The graphs for “What’s Going On in This Graph?” are selected in partnership with Sharon Hessney, a mathematics teacher in Boston. Ms. Hessney wrote the “reveal” and Stat Nuggets with Roxy Peck, professor emerita at California Polytechnic State University San Luis Obispo, and moderated online with Jennifer Mueller, a mathematics teacher at Parkway North High School in St. Louis.

B:

查询体彩大乐透开奖号码【清】【晨】，【当】【阳】【光】【照】【耀】【在】【床】【上】【的】【时】【候】，【白】【小】【眠】【醒】【了】【过】【来】。 【阳】【台】【上】【的】【月】【季】【花】【散】【发】【着】【淡】【淡】【的】【清】【香】 【她】【习】【惯】【性】【的】【伸】【出】【双】【手】【触】【摸】【着】【枕】【边】【人】【的】【地】【方】。【不】【出】【意】【料】【的】，【那】【块】【属】【于】【顾】【廷】【爵】【的】【位】【置】【连】【余】【温】【都】【已】【经】【不】【存】。 【白】【小】【眠】【下】【意】【识】【的】【这】【才】【是】【睁】【开】【了】【眼】【睛】，【手】【臂】【收】【回】【的】【瞬】【间】，【接】【触】【碰】【到】【了】【湿】【润】【的】【枕】【头】。 “【阿】【爵】……” 【微】【弱】【的】【呼】【声】，【正】【是】【从】

【苏】【白】【没】【听】【到】【这】【些】【声】【音】，【眼】【睛】【里】【只】【有】【一】【个】【人】！【李】【泰】！ 【这】【些】【人】【高】【马】【大】【的】【亲】【兵】【在】【苏】**【前】【就】【仿】【佛】【是】【土】【鸡】【瓦】【狗】【一】【样】！【没】【有】【任】【何】【一】【人】【能】【挡】【得】【住】【苏】【白】【一】【拳】！【就】【在】【苏】【白】【马】【上】【就】【要】【冲】【到】【李】【泰】【身】【前】【十】【米】【的】【时】【候】，【忽】【然】【一】【声】【破】【空】【声】【响】【起】！ 【苏】【白】【就】【感】【觉】【自】【己】【脊】【梁】【骨】【一】【凉】，【背】【后】【瞬】【间】【冒】【出】【一】【阵】【冷】【汗】，【肌】【肉】【反】【应】，【身】【体】【下】【意】【识】【的】【铁】【马】【桥】【下】【腰】【躲】

【谁】【也】【没】【有】【想】【到】【闻】【音】【的】【态】【度】【会】【强】【硬】【到】【如】【此】【的】【地】【步】，【可】【仔】【细】【一】【想】，【却】【又】【能】【理】【解】，【虽】【然】【在】【这】【个】【时】【代】，【女】【人】【并】【不】【受】【人】【重】【视】，【哪】【怕】【是】【同】【族】【的】【女】【人】，【可】【那】【也】【看】【这】【个】【女】【人】【是】【谁】，【听】【訞】，【可】【是】【闻】【音】【的】【女】【儿】，【地】【位】【根】【本】【不】【可】【能】【不】【是】【普】【通】【女】【人】【所】【媲】【美】【的】，【更】【别】【说】【听】【訞】【自】【身】【的】【才】【华】【也】【极】【其】【出】【众】，【若】【是】【没】【有】【她】，【每】【到】【炎】【热】【之】【时】，【他】【们】【还】【只】【能】【用】【草】【裙】【遮】

“【小】【姑】【娘】，【往】【后】【退】【一】【点】，【别】【站】【在】【门】【边】！” “【知】【道】【了】！” 【秋】【玹】【提】【声】【回】【应】【着】【后】【退】，【头】【顶】【的】【灯】【泡】【也】【随】【即】【应】【景】【般】【地】【闪】【烁】【两】【下】。【她】【几】【乎】【是】【与】【身】【边】【的】【恶】【鬼】【擦】【身】【而】【过】，【咽】【了】【下】【口】【水】【指】【尖】【滑】【进】【口】【袋】【深】【处】【的】【小】【人】【吊】【坠】，【不】【管】【怎】【么】【说】【还】【是】【提】【前】【做】【好】【了】【两】【手】【准】【备】。【因】【为】“【它】”【刚】【才】【也】【说】【了】，【大】【门】【是】【不】【可】【能】【被】【打】【开】【的】，【而】【何】【况】…… 【轰】—

【本】【书】【到】【这】【里】【就】【告】【一】【段】【落】【了】。 【主】【要】【的】【剧】【情】【力】【所】【能】【及】【的】【填】【了】【坑】，【现】【在】【很】【少】【有】【书】【会】【解】【释】【的】“【系】【统】”【的】【来】【源】【等】，【也】【尽】【量】【在】【符】【合】【克】【苏】【鲁】【框】【架】【的】【前】【提】【下】【进】【行】【了】【解】【答】，【阿】【卡】【姆】【的】【种】【种】【也】【尽】【可】【能】【给】【予】【了】【说】【明】【和】【交】【代】。【眼】【睛】【不】【好】【的】【原】【因】，【最】【后】【一】【个】【月】【的】【字】【码】【的】【很】【痛】【苦】，【但】【终】【于】【还】【是】【把】【它】【完】【成】【了】。 【不】【断】【波】【折】【的】【干】【眼】【症】（【还】【有】【感】【染】……）查询体彩大乐透开奖号码……【罗】【艺】【龙】【母】【亲】【就】【直】【直】【的】【坐】【立】【了】【起】【来】，【惊】【悚】【得】【田】【珩】【媛】【抱】【紧】【罗】【艺】【龙】【父】【亲】。 “【我】【妈】【听】【见】【你】【内】【心】【埋】【葬】【的】【爱】【了】，【所】【以】【她】【活】【过】【来】【了】，【至】【于】【把】【你】【恐】【怖】【成】【这】【样】？” 【罗】【艺】【龙】【冷】【笑】【着】，【似】【乎】【准】【备】【询】【问】【田】【珩】【媛】【有】【关】“【天】【国】【之】【人】”【的】【事】。 【但】【田】【珩】【媛】【却】【猛】【然】【拽】【紧】【罗】【艺】【龙】【宽】【厚】【的】【手】【臂】，【一】【个】【劲】【儿】【的】【摇】【来】【晃】【去】。 “【龙】【龙】，【我】【想】【了】【好】【久】，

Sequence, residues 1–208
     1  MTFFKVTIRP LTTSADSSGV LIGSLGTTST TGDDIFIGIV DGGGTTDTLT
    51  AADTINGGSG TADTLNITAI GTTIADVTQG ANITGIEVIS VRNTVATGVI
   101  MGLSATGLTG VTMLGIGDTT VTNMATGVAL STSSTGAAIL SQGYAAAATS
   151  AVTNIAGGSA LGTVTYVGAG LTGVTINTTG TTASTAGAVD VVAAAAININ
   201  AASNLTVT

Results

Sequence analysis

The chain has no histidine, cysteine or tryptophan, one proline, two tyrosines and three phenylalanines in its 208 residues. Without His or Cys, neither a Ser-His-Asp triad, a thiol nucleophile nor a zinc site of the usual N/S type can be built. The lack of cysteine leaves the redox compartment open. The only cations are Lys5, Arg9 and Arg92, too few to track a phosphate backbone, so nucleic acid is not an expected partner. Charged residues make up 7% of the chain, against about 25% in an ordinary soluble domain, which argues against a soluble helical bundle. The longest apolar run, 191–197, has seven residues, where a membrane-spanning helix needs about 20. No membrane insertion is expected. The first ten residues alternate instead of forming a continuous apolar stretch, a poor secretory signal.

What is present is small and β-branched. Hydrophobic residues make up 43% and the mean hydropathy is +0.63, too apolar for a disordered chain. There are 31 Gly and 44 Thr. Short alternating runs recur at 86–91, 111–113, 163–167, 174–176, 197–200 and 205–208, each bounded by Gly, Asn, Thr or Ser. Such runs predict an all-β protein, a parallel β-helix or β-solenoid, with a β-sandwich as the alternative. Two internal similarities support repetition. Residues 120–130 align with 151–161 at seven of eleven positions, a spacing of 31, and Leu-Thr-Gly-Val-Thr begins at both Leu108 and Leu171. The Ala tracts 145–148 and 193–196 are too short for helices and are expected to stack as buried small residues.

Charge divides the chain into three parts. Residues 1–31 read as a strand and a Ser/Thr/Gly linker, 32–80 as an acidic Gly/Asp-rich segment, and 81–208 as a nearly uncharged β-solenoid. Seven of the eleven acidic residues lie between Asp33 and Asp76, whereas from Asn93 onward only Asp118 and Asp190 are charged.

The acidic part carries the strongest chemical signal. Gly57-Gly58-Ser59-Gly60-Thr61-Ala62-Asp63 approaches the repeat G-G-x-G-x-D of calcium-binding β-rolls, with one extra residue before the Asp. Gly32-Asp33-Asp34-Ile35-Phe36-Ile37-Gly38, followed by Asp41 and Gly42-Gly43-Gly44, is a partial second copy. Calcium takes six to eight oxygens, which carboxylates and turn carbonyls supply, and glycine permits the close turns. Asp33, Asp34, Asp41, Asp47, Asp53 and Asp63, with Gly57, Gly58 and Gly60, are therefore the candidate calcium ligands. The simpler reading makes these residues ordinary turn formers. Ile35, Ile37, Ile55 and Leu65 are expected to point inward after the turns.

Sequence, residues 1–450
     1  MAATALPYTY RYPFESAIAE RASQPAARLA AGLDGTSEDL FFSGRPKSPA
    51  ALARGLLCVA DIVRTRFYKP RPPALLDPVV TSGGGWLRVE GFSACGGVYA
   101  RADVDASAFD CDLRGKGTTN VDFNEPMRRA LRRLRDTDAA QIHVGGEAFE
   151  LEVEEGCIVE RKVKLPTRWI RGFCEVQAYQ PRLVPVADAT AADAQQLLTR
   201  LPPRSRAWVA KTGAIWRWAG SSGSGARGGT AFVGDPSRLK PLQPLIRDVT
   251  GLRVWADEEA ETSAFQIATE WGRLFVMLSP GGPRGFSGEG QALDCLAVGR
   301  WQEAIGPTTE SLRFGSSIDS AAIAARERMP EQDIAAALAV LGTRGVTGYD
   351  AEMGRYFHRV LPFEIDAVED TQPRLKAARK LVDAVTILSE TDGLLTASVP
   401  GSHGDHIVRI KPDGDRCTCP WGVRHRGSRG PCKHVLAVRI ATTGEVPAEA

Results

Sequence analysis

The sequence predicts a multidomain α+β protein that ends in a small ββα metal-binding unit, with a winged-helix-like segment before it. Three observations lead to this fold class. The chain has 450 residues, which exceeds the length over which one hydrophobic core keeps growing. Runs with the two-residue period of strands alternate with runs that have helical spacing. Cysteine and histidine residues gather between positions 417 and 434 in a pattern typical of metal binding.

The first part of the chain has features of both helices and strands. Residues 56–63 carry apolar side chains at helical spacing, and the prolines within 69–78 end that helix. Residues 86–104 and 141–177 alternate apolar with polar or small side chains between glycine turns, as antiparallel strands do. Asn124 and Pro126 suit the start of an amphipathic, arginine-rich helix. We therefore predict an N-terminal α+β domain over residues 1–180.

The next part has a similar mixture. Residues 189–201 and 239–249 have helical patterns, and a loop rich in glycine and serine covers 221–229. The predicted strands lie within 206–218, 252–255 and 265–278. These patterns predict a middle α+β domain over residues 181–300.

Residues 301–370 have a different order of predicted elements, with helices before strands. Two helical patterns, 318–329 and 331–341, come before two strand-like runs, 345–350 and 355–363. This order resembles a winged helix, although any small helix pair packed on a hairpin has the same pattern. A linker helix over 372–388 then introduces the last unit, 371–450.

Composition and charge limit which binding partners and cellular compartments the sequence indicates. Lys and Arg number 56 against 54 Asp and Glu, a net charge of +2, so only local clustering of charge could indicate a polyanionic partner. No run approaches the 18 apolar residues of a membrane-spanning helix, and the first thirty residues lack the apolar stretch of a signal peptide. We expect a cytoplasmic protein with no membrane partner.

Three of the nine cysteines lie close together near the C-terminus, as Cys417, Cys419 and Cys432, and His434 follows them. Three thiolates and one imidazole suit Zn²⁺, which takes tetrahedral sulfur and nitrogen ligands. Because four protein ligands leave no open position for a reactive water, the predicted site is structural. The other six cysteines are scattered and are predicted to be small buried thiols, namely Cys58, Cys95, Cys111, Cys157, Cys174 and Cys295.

【龙】【王】【没】【有】【吓】【唬】【韩】【朵】【朵】。 【别】【说】【被】【龙】【血】【改】【造】【了】，【就】【算】【是】【普】【通】【人】【靠】【着】【一】【步】【步】【修】【炼】，【最】【后】【修】【炼】【成】【为】【强】【者】，【这】【样】【的】【强】【者】【其】【血】【肉】【对】【普】【通】【人】【来】【说】【也】【具】【有】【莫】【大】【的】【功】【效】，【普】【通】【人】【吃】【了】【之】【后】，【也】【能】【提】【升】【身】【体】【素】【质】。 【就】【像】【许】【多】【小】【说】【里】【写】【的】【食】【用】【妖】【兽】【血】【肉】【一】【样】。 【当】【然】，【巨】【龙】【一】【族】【做】【为】【多】【元】【宇】【宙】【的】【顶】【尖】【种】【族】，【龙】【血】【的】【效】【果】【是】【最】【顶】【尖】【的】，【远】

【默】【默】【的】【将】【两】【个】【头】【箍】【都】【收】【了】【起】【来】。 【洛】【璃】【烟】【抬】【起】【头】，【便】【看】【见】【坐】【在】【最】【前】【方】【的】【邵】【熠】【阳】，【回】【头】【看】【了】【自】【己】【一】【眼】。 【不】【过】【坐】【在】【她】【这】【个】【方】【向】【的】【所】【有】【小】【太】【阳】，【都】【认】【为】【自】【家】【哥】【哥】【这】【是】【在】【看】【自】【己】。 【全】【部】【都】【扯】【在】【嗓】【子】【尖】【叫】【了】【起】【来】。 【那】【声】【浪】【都】【快】【要】【把】【场】【馆】【的】【顶】【部】【给】【掀】【翻】【了】。 【洛】【璃】【烟】【觉】【得】【自】【己】【全】【身】【的】【血】【液】，【再】【次】【热】【腾】【了】【起】【来】。 【果】

【她】【这】【话】【就】【是】【明】【确】【告】【诉】【虚】【神】“【我】【明】【白】【你】【穿】【成】【这】【样】【的】【用】【意】【了】”，【好】【了】，【入】【正】【题】【吧】。 【虚】【神】【的】【道】【行】【不】【在】【她】【之】【下】，【闻】【言】【自】【然】【也】【笑】【得】【和】【善】，【温】【声】【细】【语】【道】：“【并】【无】【要】【事】。【不】【过】【天】【尊】【大】【人】【既】【然】【将】【神】【庭】【内】【的】【事】【务】【交】【与】【我】【手】，【日】【常】【的】【巡】【视】【自】【然】【不】【能】【懈】【怠】。” “【嗯】？”【白】【玲】【珑】【略】【一】【思】【忖】。 【原】【本】【黎】【天】【就】【对】【虚】【神】【委】【以】【重】【任】，【内】【部】【事】【务】【都】【交】

“【梵】【儿】【小】【心】！” “【小】【梵】【儿】！” 【殷】【离】【修】【和】【孤】【南】【翼】【同】【时】【惊】【呼】【出】【声】，【调】【转】【方】【向】，【然】【而】，【他】【们】【距】【离】【太】【远】，【眼】【看】【着】【黑】【熊】【已】【经】【到】【了】【慕】【梵】【希】【和】【小】【非】【跟】【前】。 【慕】【梵】【希】【怔】【愣】【瞬】【间】，【一】【把】【抓】【住】【小】【非】【的】【手】【往】【后】【退】，【就】【在】【这】【时】，【眼】【前】【一】【个】【黑】【影】【闪】【过】，【黑】【鳞】【竟】【然】【跳】【飞】【起】【来】【冲】【到】【了】【黑】【熊】【脑】【袋】【上】，【那】【犀】【利】【的】【爪】【子】【一】【下】【子】【抓】【住】【了】【黑】【熊】【的】【眼】【睛】！

（责任编辑：粘佩璇）

新闻排行

独家原创

热点专题